David Low named his political cartoon describing the German-Russian invasion of Poland that started the WW2 - "Rendezvous." The cartoon depicts a meeting by the two allied Nazi-Soviet dictators over the corpse of a Polish defender. Hitler says to Stalin while smiling, lifting his hat and bowing: "The Scum of the Earth, I believe?" and Stalin responds to him "The Bloody Assassin of the Workers, I presume?" while smiling, bowing and lifting his in kind. The secret agreement on the division of Poland that was part of the Molotov-Ribbentrop Pact was not yet known, but nonetheless, Low recognized what happened and drew it in this work. (Image: The Evening Standard (UK), September 20, 1939 issue)
Moscow analyst Yury Mukhin offers an historical analogy which says far more than he intends. In a new commentary, he argues that it was British support for Poland, not the Molotov-Ribbentrop Pact between Hitler and Stalin, that was responsible for the outbreak of World War II in Europe.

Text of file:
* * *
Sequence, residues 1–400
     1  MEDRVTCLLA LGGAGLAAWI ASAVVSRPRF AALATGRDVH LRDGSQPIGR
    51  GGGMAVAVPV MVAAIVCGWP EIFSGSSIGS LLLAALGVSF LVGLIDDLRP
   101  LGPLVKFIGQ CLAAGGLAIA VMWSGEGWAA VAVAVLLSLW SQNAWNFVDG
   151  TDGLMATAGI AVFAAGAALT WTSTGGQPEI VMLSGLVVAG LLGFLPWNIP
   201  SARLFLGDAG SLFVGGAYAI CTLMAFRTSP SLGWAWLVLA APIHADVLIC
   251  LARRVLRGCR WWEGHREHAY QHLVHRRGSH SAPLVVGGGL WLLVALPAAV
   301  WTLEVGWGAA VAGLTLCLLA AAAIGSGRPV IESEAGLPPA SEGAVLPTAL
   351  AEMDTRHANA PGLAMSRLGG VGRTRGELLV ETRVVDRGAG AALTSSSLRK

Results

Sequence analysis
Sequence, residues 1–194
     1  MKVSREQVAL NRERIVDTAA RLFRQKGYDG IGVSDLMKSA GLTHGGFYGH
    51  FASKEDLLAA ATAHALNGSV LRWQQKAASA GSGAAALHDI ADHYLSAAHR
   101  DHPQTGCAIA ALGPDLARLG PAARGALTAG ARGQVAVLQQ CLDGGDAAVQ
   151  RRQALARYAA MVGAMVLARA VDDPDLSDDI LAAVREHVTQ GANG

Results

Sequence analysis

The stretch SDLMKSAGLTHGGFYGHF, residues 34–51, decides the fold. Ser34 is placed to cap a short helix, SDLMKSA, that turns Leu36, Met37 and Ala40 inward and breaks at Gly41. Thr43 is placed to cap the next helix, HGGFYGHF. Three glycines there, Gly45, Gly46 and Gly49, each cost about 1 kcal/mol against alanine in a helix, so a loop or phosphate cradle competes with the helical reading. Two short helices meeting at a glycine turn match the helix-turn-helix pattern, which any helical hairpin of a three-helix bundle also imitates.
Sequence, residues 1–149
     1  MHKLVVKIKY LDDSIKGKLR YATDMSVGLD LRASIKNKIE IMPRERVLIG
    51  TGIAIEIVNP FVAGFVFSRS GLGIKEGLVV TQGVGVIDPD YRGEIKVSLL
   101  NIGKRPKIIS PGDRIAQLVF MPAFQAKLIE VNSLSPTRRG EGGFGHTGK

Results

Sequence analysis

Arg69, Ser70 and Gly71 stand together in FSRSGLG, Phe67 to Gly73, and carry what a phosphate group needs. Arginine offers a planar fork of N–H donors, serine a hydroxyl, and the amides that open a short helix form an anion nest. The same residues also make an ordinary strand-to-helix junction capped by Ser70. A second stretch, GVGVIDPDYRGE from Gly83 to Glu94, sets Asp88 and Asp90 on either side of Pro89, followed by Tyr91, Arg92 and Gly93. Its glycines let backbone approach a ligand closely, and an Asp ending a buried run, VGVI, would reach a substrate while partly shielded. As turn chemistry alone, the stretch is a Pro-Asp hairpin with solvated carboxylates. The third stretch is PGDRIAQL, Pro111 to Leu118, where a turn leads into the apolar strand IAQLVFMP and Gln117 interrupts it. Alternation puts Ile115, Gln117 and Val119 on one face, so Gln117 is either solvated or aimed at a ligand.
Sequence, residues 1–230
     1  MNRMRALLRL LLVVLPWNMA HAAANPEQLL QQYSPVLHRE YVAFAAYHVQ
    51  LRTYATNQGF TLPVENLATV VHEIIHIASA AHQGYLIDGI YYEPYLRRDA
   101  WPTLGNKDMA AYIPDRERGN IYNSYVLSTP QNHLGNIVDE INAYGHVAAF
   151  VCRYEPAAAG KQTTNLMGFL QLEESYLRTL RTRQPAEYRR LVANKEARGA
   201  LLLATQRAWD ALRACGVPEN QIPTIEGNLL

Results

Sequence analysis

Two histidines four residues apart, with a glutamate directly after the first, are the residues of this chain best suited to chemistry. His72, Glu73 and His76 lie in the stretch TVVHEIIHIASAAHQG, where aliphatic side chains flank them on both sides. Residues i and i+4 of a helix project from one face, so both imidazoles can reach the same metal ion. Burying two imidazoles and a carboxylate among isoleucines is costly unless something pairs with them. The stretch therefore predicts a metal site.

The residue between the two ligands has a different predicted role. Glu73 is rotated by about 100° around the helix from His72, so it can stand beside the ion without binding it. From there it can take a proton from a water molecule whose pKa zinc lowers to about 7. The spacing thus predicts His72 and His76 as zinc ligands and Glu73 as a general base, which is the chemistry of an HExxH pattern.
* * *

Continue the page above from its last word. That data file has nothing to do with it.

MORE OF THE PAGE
Had Britain not committed itself to defend Poland against aggression, he suggests, Warsaw would have been compelled to accede to German demands and war would not have broken out. And if London refuses to back Ukraine, Kyiv will have to come to an agreement with Moscow and once again war can be avoided.
By making this analogy between the events of 1939 and those of today, Mukhin unwittingly invites the conclusion that Putin’s Russia, just like Hitler’s Germany, felt compelled to invade Ukraine because the Ukrainians like the Poles thought that the West would come to their aid and prevent or at least repel such actions and did not accede to reasonable demands.
Two German soldiers near the ditch with bodies of executed Poles, Sept.-Oct. 1939 (Image: nationaalarchief.nl)